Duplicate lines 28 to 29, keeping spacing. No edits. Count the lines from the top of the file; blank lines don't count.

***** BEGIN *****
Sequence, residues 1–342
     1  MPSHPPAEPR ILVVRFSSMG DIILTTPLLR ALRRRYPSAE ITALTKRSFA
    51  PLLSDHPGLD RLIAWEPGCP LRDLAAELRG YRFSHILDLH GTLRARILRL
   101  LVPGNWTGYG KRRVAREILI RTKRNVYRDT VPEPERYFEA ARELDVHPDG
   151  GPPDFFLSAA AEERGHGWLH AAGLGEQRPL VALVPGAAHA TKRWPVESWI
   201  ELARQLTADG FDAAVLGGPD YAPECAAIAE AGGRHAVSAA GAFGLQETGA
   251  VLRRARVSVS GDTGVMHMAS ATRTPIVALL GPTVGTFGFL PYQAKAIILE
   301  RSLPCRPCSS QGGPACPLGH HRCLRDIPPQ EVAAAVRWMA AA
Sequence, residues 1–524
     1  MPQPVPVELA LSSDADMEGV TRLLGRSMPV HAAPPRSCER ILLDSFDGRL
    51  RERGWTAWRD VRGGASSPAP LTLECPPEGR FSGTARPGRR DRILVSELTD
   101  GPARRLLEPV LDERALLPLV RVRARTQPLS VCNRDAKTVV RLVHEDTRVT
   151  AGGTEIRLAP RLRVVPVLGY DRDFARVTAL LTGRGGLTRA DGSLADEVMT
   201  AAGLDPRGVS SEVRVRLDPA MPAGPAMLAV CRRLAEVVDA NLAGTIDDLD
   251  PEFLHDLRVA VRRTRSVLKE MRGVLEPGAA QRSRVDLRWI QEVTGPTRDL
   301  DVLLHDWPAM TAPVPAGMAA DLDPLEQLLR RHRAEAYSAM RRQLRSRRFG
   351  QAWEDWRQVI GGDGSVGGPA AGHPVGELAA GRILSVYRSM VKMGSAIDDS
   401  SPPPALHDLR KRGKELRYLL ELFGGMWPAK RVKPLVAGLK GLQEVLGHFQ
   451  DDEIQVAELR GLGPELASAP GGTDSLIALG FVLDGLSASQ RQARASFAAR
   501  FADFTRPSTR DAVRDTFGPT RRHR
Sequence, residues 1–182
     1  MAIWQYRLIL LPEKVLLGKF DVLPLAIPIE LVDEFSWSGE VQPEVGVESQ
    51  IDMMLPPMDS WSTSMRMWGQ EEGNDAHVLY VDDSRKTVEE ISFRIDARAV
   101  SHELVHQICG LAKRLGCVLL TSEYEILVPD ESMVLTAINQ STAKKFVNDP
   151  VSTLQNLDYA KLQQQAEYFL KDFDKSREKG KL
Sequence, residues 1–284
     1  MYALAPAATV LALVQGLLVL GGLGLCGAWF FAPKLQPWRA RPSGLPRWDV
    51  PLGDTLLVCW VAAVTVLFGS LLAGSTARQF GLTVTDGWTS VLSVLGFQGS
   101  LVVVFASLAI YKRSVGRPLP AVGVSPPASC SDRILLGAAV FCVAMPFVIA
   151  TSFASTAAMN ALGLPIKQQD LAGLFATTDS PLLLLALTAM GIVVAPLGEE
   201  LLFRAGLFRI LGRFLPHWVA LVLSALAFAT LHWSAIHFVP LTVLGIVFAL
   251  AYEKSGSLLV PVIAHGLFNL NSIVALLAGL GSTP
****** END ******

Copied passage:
    51  PLGDTLLVCW VAAVTVLFGS LLAGSTARQF GLTVTDGWTS VLSVLGFQGS
   101  LVVVFASLAI YKRSVGRPLP AVGVSPPASC SDRILLGAAV FCVAMPFVIA